By MIKE LYNCH
Forest rangers and state police rescued four unprepared 17-year-old hikers atop Mount Colden this week.
Conditions in the Adirondack lower elevations have been spring-like recently, but there is still a significant amount of snow atop the High Peaks, where temperatures are much colder. Colden had about 5 feet of snow at its summit, according to the state Department of Environmental Conservation.
Forest ranger Scott Van Laer tweeted after Tuesday evening’s rescue that the situation was “preventable.” He later said on social media that it was a “life lesson” for the hikers, who were “good kids.” He noted in the Adirondack Backcountry Hikers’s Facebook group that the hikers were wearing sneakers and had no headlamps or snowshoes.
One of the teenagers injured his leg in the incident and had to be taken from the mountain in a state police helicopter to Adirondack Medical Center in Saranac Lake. The other three hikers were treated for hypothermia.
Hikers being unprepared in the High Peaks isn’t uncommon. During the fall and spring seasons, hikers are sometimes caught off-guard when conditions in the high elevations are winter-like compared to warmer conditions at trailheads.
To address the issue of unprepared hikers, the state Department of Environmental Conservation, Adirondack 46ers, and the Adirondack Mountain Club have been making extra outreach efforts to educate hikers and prevent search-and-rescue missions.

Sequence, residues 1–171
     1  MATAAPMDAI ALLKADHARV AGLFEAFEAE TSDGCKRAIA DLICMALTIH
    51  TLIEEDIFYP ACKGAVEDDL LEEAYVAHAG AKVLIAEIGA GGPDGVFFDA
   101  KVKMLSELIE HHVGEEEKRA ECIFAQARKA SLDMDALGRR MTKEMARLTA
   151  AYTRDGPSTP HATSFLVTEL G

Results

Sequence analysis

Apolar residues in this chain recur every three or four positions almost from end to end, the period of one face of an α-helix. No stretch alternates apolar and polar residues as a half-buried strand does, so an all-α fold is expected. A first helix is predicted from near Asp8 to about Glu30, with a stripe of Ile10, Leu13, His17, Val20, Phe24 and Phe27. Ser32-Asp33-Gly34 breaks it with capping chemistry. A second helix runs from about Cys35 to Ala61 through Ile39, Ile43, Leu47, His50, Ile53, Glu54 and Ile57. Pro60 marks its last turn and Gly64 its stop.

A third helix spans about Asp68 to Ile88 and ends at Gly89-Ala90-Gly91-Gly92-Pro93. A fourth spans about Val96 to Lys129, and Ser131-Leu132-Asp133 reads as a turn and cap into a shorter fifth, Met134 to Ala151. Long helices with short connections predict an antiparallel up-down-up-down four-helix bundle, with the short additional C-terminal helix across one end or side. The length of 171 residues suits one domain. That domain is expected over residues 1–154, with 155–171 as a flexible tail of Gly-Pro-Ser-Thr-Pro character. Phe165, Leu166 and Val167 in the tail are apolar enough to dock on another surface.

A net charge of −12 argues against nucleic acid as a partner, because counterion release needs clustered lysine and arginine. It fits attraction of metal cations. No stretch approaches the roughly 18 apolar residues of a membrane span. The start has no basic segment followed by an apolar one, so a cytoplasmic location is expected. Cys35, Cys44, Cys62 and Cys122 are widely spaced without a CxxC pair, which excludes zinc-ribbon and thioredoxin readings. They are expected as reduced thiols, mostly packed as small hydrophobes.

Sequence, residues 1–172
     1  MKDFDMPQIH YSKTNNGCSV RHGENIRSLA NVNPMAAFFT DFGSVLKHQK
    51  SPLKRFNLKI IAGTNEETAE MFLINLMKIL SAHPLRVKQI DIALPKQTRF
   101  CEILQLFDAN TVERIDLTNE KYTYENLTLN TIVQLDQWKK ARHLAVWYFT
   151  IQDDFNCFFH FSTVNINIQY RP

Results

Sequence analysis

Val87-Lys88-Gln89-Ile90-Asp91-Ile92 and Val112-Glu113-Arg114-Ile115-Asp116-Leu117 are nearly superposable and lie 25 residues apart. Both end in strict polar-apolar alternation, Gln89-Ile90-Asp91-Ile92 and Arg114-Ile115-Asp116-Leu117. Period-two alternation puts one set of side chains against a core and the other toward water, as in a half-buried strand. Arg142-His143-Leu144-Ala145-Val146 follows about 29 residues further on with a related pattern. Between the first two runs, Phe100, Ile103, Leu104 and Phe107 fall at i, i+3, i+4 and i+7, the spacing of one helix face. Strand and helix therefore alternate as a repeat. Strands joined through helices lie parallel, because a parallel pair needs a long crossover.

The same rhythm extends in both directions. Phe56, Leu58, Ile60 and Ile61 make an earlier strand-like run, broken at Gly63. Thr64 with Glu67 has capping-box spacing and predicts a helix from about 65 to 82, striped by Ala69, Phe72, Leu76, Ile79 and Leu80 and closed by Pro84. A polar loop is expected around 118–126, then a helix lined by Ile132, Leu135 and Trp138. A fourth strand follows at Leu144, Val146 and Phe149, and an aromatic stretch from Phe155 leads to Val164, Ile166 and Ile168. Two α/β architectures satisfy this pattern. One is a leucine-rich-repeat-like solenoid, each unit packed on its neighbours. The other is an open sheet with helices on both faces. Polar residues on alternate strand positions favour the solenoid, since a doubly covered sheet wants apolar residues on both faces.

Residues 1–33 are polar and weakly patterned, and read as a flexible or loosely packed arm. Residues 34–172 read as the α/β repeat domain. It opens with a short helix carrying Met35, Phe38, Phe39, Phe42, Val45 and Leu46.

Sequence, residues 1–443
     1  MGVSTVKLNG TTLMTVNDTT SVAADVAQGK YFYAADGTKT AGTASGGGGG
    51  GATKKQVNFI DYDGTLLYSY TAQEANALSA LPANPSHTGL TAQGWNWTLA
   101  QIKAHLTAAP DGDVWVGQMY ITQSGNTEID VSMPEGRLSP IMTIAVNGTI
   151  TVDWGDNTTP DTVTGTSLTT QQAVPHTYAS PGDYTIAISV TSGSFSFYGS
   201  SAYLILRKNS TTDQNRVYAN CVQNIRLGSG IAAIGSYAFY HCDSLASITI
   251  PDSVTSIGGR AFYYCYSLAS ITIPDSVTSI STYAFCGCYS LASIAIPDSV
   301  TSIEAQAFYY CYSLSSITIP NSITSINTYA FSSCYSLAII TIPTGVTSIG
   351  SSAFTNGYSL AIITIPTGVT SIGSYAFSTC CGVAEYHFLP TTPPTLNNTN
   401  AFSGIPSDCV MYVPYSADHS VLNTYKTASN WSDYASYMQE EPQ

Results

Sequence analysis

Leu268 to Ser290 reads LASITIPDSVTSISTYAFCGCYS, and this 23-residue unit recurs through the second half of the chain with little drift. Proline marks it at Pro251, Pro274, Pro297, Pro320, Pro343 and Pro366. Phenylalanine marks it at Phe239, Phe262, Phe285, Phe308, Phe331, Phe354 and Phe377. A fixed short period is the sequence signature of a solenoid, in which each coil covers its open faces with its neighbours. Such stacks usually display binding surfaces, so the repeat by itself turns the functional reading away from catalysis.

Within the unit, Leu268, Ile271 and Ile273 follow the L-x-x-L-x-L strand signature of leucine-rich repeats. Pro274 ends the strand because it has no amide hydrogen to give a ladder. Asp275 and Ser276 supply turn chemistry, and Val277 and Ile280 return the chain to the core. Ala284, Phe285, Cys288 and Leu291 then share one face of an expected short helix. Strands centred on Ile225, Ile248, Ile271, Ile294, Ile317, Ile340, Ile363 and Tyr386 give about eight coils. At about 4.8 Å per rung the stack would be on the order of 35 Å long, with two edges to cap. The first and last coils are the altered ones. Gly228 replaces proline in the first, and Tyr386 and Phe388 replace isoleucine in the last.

This past President’s Day weekend, the DEC spearheaded an outreach effort that consisted of them talking to more hikers directly at trailheads. The initiative was based on the Preventable Search and Rescue program developed by the National Park Service.
Overall, the number of search-and-rescue mission has spiked in recent years as the number of hikers has increased. Statewide rangers conducted 346 search-and-rescue missions in 2017, resulting in 147 rescues and 22 recovered bodies, according to the DEC. A decade earlier they went on 245 missions, making 92 rescues and finding four dead.
The numbers have been especially noticeable in the High Peaks Wilderness, where the most recent four-year average rose to 97 search-and-rescue incidents per year. During the previous four years, rangers responded to an average of 65 incidents per year. Many of these incidents are the result of hikers being improperly prepared, according to the DEC.